Christmas on the Isle of Man

Visit the Isle of Man this holiday season and you’ll have the option of joining in many colourful celebrations. Here, Valerie Caine offers readers a glimpse of the island’s festive season.

Cammag sticks raised as if in battle, the players lean in to swipe the crick, or ball, that’s being whacked toward the far goal. Warmly wrapped against the cold, spectators holler for their teams as the sound of clashing sticks and players’ cries intensifies.

“I think somebody’s died,” a player calls, and there’s a rush of laughter, an acknowledgement that cammag is a tough game, which sometimes takes players to the local hospital rather than to the Tynwald Hill Inn, where a lively music session usually helps everyone unwind after a game.

Closely linked to the Scottish game of shinty and to Irish hurling, cammag is the Isle of Man’s traditional sport. It died out in the 20th century, as soccer (football) became popular, but in the 21st century it’s back. Now, each Christmas, the island’s two teams – North and South – meet near Tynwald Hill in the village of St. John’s to compete. The match attracts a crowd, both on and off the field, for cammag is a game of few rules and historically the number of players can range from four to two hundred.

Players wear ordinary winter clothing and few bother with protective equipment, although the cammags and the crick fly high and players cheerfully push and shove each other.

The annual match is played every December 26th, known as St. Stephen’s Day (Laa’l Steaoin), and the game becomes more popular each year.

In July, when Islanders celebrate National or Tynwald Day, Tynwald Hill is used for the reading of new laws in both Manx Gaelic and English. But on St. Stephen’s Day, the hill is given over to battle-hungry warriors. Unfavourable weather does not deter these hardy men and women who play a game of three 20-minute ‘halves’ and who are spurred on by a wee dram of whisky at suitable intervals.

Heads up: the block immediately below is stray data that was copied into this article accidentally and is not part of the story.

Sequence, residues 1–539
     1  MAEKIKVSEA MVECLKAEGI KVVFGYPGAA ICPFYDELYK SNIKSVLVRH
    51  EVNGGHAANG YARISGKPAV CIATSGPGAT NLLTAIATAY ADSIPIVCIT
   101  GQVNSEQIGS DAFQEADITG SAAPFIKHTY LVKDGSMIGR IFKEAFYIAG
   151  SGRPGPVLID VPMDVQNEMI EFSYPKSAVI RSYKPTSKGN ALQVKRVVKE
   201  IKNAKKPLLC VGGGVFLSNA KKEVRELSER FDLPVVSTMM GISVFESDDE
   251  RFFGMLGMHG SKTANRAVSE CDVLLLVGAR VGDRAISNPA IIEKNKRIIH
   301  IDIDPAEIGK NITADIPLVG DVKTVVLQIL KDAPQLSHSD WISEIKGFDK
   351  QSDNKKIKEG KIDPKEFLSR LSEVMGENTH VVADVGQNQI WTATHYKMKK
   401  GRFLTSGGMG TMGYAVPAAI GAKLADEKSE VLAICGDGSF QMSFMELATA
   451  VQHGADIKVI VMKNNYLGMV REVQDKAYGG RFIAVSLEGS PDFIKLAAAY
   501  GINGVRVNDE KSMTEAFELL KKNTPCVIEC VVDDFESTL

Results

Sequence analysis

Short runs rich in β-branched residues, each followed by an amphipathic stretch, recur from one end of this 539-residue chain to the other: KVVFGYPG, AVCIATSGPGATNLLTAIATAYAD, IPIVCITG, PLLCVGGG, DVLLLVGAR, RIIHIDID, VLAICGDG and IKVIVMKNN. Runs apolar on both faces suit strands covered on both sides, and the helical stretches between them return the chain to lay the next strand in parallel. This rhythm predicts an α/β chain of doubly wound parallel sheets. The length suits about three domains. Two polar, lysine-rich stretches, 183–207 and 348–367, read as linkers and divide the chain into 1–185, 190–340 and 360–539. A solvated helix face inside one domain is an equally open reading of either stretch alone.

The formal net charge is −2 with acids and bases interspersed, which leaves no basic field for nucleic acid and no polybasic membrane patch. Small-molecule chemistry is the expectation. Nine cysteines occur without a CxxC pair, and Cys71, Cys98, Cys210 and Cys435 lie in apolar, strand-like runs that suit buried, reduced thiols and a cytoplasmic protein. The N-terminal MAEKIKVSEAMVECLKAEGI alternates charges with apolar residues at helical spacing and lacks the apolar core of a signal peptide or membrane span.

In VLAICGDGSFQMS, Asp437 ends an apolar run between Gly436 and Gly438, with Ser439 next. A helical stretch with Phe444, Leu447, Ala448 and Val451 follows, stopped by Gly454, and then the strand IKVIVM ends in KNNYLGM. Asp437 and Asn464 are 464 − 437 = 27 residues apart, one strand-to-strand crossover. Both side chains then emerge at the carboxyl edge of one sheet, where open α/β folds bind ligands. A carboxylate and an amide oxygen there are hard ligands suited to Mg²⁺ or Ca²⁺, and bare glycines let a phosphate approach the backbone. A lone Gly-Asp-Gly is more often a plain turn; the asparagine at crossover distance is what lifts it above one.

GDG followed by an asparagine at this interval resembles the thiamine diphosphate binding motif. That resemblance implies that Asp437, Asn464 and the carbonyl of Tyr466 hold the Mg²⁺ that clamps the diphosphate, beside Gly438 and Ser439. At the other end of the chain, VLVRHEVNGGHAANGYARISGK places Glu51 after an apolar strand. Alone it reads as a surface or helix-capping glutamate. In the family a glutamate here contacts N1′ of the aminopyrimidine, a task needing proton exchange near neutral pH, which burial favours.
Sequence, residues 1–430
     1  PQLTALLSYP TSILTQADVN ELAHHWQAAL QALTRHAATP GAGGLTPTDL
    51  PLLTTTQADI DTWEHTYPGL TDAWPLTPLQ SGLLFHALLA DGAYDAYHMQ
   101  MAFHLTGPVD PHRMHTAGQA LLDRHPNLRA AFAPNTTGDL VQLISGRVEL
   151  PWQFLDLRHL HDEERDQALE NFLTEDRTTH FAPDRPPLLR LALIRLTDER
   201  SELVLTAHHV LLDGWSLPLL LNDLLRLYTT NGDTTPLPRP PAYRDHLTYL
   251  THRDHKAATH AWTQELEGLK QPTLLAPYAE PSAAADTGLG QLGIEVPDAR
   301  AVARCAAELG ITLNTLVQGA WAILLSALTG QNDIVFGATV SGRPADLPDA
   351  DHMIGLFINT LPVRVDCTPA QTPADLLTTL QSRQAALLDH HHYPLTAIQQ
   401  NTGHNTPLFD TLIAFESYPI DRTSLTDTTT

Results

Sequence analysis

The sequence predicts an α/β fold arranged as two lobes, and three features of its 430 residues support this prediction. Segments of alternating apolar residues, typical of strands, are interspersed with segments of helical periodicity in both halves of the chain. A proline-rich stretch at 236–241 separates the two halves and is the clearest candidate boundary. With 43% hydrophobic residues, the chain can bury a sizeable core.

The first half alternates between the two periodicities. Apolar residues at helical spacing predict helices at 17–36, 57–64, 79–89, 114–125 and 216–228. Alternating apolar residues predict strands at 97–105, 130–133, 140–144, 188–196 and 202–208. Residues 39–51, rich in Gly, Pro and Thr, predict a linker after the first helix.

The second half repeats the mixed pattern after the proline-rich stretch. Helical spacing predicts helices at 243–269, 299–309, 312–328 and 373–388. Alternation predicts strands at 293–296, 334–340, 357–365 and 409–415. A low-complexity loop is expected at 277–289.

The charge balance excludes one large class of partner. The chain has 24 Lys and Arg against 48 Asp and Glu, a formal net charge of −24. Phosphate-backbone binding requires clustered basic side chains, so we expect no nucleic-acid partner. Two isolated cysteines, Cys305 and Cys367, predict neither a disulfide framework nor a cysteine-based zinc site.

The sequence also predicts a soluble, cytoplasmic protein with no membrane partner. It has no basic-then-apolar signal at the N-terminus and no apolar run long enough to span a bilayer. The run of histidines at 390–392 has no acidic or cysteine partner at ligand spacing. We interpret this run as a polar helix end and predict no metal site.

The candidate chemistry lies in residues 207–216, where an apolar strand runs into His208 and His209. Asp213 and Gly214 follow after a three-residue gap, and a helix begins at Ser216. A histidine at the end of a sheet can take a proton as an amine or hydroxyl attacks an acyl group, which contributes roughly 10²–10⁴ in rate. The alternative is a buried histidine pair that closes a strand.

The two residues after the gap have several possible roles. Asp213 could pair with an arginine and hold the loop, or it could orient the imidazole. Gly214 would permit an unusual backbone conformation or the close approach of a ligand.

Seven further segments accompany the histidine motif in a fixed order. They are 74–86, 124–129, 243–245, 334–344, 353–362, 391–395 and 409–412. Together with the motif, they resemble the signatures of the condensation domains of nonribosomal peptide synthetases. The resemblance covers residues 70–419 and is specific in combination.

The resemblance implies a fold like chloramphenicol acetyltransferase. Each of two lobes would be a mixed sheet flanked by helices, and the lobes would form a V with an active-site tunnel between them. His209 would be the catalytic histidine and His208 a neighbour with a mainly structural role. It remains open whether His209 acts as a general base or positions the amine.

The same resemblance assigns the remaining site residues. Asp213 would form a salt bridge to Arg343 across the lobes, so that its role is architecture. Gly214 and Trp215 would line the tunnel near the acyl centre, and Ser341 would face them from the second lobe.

“The game has developed into a friendly rivalry,” says Roy Kennaugh, of the Michael Heritage Trust. “People of all ages and ability take part, although the more aged participants tend to let the younger ones do the running and simply get in the way of the opposition.”

The Manx word cammag comes from the Gaelic ‘cam’ meaning bent, and traditionally players used gorse sticks taken from the yellow gorse bushes which brighten the island during the summer. Historically, a gorse cammag of suitable size and shape would have been a treasured possession. These days, anything goes and players use cammags that are little more than blunted sticks. Other cammags resemble brooms and rudimentary axes – players have even swiped at the crick with umbrellas.

The danger increases for both participants and spectators as the players become absorbed in the game. Forgetting there’s an audience, they pursue the crick into the crowd. Unsurprisingly, the traditional expression ‘cammag leg’ described a lame person.

St. Stephen’s Day is also known for Hunt the Wren (Shelg yn Drean) which, although not unique to the island, is often quoted as a Manx custom and has been noted on the island since before 1790.

At one time, a real wren was hunted down then fastened to the top of a pole and carried about before being plucked and buried in a churchyard. Its feathers were distributed for money as a charm against evil, but this part of the ceremony has long been obsolete.